Carol Martin (who I had a great opening run with for the first 6 miles, and who is doing the Fling and WHW race this year!).
Rob (from my work, I’ll always think of him running just ahead of me, sensibly lathering on tonnes of sun cream onto his bald napper!)
Carolyn Rae (who I ran with from about mile 10-the half way point, and we had a hell of a lot in common! Lovely girl).
Thanks to you all for making a good day and event, great for me!
The good thing about it too, is that I’ve now chatted to lots of other friendly ultra runners (experienced in ultra running, or not) who are more than likely doing the Fling and other ultras so I’ll be more comfortable going along and knowing that I won’t be on my own running it. 🙂
5. I drank enough water and had some left, which is always a good sign. And I took on 6 caffeine gels, one at: 6, 12, 16.5, 22, 26, 30 miles in. I maybe didn’t need the last one but thought, why not? 😉
I think I remembered getting hunger pangs around 3:30 so thats maybe a sign that I need to take on something of more sustenance (ie easy to eat food) at every 3-3:30 hours of a run. 🙂
I had a milkshake right after, water and lots of stretching. Then when I got home I had a muller rice, more water, a banana, a shower and a lie down.
Dinner at 7pm was fillet steak, chips and salad (thanks Dad for cooking it!) washed down with another mars bar milkshake, more water and (out of date! :-o) Christmas pud and ice cream (thanks Eileen!)
Now just under 24 hours later, I seem not to be sore, especially in my legs (they feel fine). And I’m only getting slight twinges of pain in my upper arms, shoulders and lower back. 🙂 It just goes to show that you use every part of your body when you run like that!
And that I think I’ve got my energy, hydration and recovery steps to be the best they can be to improve and reduce my recovery time. 🙂
6. I had my home made battery pack connected up to my Garmin 610, and stuck inside the forearms of my tight white under armour top. It turned out I didn’t need the battery pack as it seemed turning off all the alerts conserved the battery pack. But it was nice to know it would work i needed it to.
The only downsides about this method is that i probable wouldn’t be able to wear that kind of top if the weather was any warmer than it was (sunny 11-15’C), and when you charge it you can’t see your stats, unless you flick the battery charger of for a few seconds.
See more about how to make your Garmin 610 / 405 last for 30+ hours (for between £17-£35), see here:
7. I am now officially an Ultra runner. 😀 Woohoo! Mission for 2012 accomplished! 😀
8. My Dad and Step Mum were there for me at the end and they were clearly proud of me.
And I’ve had great feedback and support from family, Fit Girl, friends and my friends on Facebook. 😀
And even little Jasper is dead proud of me. 😉
Jasper wearing my medal and sitting on (my rather stinky) clothes 😉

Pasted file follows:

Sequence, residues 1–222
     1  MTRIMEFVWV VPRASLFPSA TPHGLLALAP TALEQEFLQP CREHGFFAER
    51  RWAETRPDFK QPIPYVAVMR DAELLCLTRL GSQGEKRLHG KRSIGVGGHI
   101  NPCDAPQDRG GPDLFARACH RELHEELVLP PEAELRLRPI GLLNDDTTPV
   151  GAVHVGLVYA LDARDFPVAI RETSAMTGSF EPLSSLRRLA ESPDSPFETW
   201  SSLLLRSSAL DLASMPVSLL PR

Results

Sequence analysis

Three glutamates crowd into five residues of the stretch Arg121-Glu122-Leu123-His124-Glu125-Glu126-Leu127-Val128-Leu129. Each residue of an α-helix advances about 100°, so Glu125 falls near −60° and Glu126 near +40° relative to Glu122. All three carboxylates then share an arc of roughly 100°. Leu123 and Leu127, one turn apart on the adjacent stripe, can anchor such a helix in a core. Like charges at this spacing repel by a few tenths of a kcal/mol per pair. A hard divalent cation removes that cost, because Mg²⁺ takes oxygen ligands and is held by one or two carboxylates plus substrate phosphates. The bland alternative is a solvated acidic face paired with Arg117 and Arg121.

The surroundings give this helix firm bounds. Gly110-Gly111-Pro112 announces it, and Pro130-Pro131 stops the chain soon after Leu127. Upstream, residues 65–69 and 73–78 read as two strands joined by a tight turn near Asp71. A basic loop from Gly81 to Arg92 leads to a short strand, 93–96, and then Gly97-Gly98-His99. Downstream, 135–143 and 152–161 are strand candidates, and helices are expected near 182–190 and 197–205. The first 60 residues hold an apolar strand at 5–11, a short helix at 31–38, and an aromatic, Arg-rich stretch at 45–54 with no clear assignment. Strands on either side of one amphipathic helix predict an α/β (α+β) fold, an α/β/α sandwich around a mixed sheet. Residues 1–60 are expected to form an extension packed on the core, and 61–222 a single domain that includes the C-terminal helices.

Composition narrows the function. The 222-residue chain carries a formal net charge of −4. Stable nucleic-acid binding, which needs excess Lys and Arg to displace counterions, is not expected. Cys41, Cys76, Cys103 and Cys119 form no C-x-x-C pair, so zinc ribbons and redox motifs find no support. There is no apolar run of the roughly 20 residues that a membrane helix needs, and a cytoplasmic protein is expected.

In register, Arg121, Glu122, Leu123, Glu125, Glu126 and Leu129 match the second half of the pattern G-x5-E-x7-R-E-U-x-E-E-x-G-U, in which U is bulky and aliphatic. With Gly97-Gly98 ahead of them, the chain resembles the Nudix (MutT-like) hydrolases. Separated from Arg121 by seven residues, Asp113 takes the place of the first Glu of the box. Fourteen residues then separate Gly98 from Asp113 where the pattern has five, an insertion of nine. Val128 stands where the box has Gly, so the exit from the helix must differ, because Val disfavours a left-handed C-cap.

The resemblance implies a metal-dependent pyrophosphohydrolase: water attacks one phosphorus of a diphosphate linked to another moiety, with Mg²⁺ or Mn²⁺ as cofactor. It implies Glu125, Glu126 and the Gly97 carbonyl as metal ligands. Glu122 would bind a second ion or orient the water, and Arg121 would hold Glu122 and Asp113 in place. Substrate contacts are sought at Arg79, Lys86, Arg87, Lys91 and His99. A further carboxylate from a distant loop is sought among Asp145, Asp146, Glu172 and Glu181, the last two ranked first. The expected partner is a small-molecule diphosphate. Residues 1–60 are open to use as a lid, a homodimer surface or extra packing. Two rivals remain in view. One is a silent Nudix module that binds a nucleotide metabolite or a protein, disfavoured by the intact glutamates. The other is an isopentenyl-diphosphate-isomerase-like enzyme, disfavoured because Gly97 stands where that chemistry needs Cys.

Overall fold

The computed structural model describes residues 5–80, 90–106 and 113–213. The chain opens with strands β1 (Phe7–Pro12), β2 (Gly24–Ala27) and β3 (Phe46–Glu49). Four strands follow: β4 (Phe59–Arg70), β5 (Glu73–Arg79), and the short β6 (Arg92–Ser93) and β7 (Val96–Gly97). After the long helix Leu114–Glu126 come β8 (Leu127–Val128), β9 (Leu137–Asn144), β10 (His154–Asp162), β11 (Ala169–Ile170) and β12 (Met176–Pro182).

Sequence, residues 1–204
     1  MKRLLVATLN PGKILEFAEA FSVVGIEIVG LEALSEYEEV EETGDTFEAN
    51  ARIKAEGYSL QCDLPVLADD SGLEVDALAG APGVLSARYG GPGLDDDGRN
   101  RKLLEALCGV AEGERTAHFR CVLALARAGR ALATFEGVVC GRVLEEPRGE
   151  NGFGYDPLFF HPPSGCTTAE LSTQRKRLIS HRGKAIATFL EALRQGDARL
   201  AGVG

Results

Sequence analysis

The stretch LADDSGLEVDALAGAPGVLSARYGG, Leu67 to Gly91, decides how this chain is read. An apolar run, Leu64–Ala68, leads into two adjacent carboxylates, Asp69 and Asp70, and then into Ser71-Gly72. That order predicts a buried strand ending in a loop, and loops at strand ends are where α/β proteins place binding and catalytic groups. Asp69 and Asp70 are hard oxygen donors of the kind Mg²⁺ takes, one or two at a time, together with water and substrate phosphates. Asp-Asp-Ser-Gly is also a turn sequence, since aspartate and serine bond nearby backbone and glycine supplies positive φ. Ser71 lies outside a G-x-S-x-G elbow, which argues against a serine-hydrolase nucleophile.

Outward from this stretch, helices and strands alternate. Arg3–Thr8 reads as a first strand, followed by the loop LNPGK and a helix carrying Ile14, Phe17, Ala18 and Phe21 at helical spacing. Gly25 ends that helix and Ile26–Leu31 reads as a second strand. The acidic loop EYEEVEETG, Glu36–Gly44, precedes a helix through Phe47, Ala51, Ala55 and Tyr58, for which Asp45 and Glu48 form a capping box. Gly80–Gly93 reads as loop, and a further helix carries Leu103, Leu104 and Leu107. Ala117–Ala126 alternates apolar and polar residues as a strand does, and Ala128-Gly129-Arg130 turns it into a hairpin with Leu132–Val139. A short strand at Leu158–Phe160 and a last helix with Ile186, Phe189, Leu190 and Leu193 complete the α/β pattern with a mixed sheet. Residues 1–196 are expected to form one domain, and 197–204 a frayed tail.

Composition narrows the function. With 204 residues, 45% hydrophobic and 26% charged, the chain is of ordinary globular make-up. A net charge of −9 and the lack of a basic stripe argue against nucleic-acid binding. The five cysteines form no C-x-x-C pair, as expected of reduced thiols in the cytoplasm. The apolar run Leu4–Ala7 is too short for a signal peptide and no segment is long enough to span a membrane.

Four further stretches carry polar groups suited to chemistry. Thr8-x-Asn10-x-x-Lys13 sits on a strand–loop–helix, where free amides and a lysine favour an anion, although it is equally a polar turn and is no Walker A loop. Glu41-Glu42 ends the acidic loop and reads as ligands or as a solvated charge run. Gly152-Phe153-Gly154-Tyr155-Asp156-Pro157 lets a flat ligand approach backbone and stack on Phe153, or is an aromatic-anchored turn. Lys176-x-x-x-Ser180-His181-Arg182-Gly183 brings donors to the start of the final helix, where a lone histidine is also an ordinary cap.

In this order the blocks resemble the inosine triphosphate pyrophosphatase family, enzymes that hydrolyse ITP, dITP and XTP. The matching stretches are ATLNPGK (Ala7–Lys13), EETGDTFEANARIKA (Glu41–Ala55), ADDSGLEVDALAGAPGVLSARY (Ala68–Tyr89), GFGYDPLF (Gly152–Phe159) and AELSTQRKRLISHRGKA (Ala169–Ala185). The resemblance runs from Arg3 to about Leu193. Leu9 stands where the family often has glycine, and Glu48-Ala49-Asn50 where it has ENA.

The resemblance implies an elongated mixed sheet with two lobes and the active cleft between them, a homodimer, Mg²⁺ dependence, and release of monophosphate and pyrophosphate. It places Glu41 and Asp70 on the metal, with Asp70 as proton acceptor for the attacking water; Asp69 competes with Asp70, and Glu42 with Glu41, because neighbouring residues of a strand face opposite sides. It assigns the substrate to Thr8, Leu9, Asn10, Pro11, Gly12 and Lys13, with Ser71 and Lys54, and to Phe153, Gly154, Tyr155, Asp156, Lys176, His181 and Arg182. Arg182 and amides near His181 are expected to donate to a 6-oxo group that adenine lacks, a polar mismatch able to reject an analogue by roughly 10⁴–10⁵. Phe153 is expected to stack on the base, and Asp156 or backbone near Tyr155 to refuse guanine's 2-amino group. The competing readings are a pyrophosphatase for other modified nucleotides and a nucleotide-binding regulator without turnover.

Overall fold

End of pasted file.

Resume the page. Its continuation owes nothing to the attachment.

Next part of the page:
9. In the last few weeks I’ve been told by a few people that I’ve inspired them.
I’ve inspired an avid reader of my blog, vikki, to start training for a 5k run. I’ve inspired people in my work to take up exercise (and in some cases aim to lose weight) and I’ve inspired people to have a more positive outlook in life. 🙂
All of that alone gives me reason to keep being who I am and doing what I do.
It’s a good feeling to know that I am perhaps making a difference in people’s lives just by being me. 🙂
10. I finished the D33, way ahead of my (loose and unpressured) time target at: 4:54.
I knew from about when I had 10 miles to go that I would probably get under 5 hours, and it helped me to keep pushing and finish the way I did.
I am interested to see where I was placed, to see how I compare to others, but the race was (and all races i compete in are) more about me believing in myself and doing the best I could (can). I’m now confident that I did that on the day. 🙂
I’m well chuffed with myself!
(I should have peed before the start though, and I might have been 1-2 minutes quicker, so that’s a good learning for me for any future races. 😉 )
So what is my best tip from the day?
Put simply, my strategy of running to my heart rate (80-85%, max 95%) worked wonders for me, and I’m pretty sure it could for others too.
It was a light bulb moment for me, and a strategy which will probably change and improve my running forever. 🙂
I would suggest that when running a race (and in training), you don’t set yourself (pressured) time and pace goals, just run as your heart rate shows you to be comfortable so that you don’t overdo it, start strong and finish even stronger.
You’ll probably achieve any secondary goal/time target you had, as an outcome of running to your heart rate goal.
Running to my heart rate goals, ensured I didn’t push it too soon and allowed me to run to the best of my ability, what is possibly the best planned, and best race of my life.
It also meant I didn’t push my body too hard and has hopefully led to a quicker recovery (less lactic acid build up along with, food, water, stretching and rest) and a great confident and happy run on a nice Spring day in my old haunt Aberdeen.
(I lived in Aberdeen as a student in 5 different areas/flats between 1997-2001, and it was nice when I recognised my old flat in Garthdee and Holburn St).
My recommendation from this experience
If I were to recommend anything to any budding (or experienced) runner, it would be to get a heart rate monitor and learn how to use it (based on the principles below) :-).
It works for all types of exercise too: Spinfit, bike, HIIT circuits, not just running.
(I’d always recommend a Garmin (£££), but you could easy get a cheaper Timex or Polar one).
How to learn how to run to your Heart Rate
There’s more info on running to your Heart Rate here (including how to work out your heart rate zones):
Or if you really want to learn more about how to use your heart rate to train and perform well, get the excellent book:
Slow Burn: by Stu Littleman